Security personnel at Australian airports lack the “major ingredients” to protect air travellers, including the ability to visually identify someone about to launch an attack, a leading aviation safety expert warns.
Extra security measures to protect passengers were announced over the weekend after authorities detained four men over an alleged plot to bring down a passenger jet.
But Homeland Security Asia/Pacific chief executive Roger Henning, a counter-terrorism expert who has worked at the highest levels of government, told The New Daily that airport employees were not trained to assess travellers who may be poised to commit a violent attack.
“You’ve got 300,000-plus people working on airports, if you’re lucky 100 out of the 300,000 have some knowledge of security awareness and what’s to be done,” Mr Henning said.
“Human intelligence (reading people’s face and body language) is the oldest form of intelligence gathering and it doesn’t exist [in Australia].
“There is no human intelligence methodology in any airport in Australia except Avalon.
“What we have is a whole pile of people at international or major airports looking at screens … We cannot go on like this, there will be a mass-casualty event.”
Mr Henning has worked as a counter-terrorism specialist for the past 17 years, and prior to that as an issues and crisis manager, including the onsite risk assessment at the 1996 Port Arthur Massacre.
The comments followed reports that the four men arrested for the airline conspiracy may have attempted to smuggle their homemade bomb onto an international flight prior to raids, law enforcement officials told ABC.
The ABC also reported the men may have then developed an alternate plan after that failed attempt and tried to get the device onto a domestic flight.
Passenger, hand and checked luggage screening has been increased at all Australian airports after counter-terrorism officers arrested four Sydney men – believed to be two fathers and their sons – accused of plotting to bring down a commercial flight with a “non-traditional device”.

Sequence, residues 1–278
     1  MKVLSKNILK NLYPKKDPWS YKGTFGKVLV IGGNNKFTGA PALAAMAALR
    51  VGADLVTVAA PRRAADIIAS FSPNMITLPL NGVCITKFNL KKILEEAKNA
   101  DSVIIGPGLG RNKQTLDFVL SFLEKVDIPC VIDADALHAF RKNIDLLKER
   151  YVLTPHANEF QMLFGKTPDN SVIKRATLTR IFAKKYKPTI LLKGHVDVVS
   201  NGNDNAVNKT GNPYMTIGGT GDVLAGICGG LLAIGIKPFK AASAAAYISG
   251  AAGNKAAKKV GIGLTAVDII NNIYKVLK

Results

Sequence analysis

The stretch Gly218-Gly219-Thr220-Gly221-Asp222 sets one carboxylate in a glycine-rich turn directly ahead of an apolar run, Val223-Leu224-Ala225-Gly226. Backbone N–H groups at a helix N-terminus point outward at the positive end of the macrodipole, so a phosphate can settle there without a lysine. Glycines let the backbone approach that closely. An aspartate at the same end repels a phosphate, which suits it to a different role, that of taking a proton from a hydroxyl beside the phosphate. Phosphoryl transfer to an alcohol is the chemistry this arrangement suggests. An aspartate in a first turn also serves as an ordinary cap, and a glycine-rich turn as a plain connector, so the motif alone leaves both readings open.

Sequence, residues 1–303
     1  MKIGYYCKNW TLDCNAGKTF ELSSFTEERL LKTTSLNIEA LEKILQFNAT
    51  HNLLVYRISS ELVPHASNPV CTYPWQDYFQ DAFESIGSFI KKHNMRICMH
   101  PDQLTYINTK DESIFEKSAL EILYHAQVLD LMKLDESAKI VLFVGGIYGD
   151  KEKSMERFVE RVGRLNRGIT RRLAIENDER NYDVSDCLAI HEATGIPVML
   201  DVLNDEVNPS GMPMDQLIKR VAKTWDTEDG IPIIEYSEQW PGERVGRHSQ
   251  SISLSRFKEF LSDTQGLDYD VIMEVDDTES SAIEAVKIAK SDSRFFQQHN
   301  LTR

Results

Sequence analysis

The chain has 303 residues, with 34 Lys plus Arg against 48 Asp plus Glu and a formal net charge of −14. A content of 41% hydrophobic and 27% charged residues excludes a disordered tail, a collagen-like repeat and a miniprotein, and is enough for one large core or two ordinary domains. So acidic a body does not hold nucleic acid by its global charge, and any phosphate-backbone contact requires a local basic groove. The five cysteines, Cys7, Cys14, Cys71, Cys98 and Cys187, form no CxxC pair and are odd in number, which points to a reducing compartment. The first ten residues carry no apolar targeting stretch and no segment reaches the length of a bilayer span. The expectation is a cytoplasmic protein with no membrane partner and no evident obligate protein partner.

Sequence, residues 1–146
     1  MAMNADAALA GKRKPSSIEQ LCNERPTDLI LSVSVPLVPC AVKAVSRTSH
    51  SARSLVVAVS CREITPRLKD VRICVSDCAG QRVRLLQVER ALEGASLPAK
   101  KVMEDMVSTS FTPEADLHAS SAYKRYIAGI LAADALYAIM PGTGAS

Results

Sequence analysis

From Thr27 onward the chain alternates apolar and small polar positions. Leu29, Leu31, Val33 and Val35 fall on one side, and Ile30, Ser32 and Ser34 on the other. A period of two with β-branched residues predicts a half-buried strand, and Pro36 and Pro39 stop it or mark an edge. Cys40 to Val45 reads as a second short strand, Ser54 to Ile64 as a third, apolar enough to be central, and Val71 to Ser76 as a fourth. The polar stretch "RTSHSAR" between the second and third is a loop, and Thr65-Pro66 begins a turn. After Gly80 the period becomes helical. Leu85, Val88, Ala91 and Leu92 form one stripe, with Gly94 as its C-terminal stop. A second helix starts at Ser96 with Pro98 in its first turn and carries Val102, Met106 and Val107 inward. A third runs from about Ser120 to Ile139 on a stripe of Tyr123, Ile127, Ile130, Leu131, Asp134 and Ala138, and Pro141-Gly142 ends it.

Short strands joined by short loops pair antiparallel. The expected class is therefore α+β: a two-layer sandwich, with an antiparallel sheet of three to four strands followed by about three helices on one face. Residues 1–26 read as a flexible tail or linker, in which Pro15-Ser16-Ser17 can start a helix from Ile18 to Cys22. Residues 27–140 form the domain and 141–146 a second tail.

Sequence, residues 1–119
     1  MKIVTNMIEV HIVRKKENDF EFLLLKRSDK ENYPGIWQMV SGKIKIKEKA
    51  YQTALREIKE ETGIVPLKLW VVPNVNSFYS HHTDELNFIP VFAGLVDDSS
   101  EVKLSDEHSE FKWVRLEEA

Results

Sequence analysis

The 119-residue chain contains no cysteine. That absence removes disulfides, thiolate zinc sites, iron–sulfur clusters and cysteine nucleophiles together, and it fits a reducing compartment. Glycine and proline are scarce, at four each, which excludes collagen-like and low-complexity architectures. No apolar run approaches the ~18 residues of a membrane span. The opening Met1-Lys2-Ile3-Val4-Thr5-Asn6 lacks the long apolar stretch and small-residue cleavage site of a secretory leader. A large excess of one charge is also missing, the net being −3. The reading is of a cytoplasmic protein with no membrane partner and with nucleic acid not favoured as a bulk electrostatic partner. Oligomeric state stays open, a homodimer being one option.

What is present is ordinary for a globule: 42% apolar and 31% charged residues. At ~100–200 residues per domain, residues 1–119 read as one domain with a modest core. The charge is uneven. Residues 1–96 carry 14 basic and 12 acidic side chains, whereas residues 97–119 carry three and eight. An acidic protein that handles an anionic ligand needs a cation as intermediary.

The government refused to reveal details of the alleged plan, as media speculated the men intended to use an improvised bomb inside a meat grinder or release poisonous gas such as sarin inside the aircraft. It said the plan had “an Islamist, extremist terrorist motivation”.
Domestic passengers were being told to arrive two hours before flight departures, and international passengers three hours before, to allow for tougher checks including more intensive screening for explosives.
However, expanded luggage searches and passenger screenings are not a “total solution”, according to Mr Henning.
“Technology in all its forms, including biometric facial recognition is only a tool, it is not a total solution, passenger scanning is not a total solution,” he said.
“To be silly enough to even suggest that increasing bag searches on its own is going to do the trick isn’t to be taken seriously at all.
“If you don’t know what to look for what’s the point? We’ve got to remind the Prime Minister there is no scanning device in the world that can identify plastic explosives. There is no device in the world that can identify sarin and other nasties.”
Mr Henning called on the government to pursue greater training for airport employees and for all domestic travellers to be made to produce photo identification when checking in.
“The major things that are missing particularly on domestic flights in Australia is the matching of the passengers with the boarding card. In Australia if you go a library, a bowls club or an RSL club you have to show photo ID [but not an airport],” he said.
“It’s very simple and happens regularly. Criminals use it, terrorists have used it to get a ticket online using a dodgy name or a dodgy credit card and they can get a boarding pass sent to them and produce it at an airport and travel unchallenged.
“It means flight crew have no idea who is in the cabin behind them, no idea.”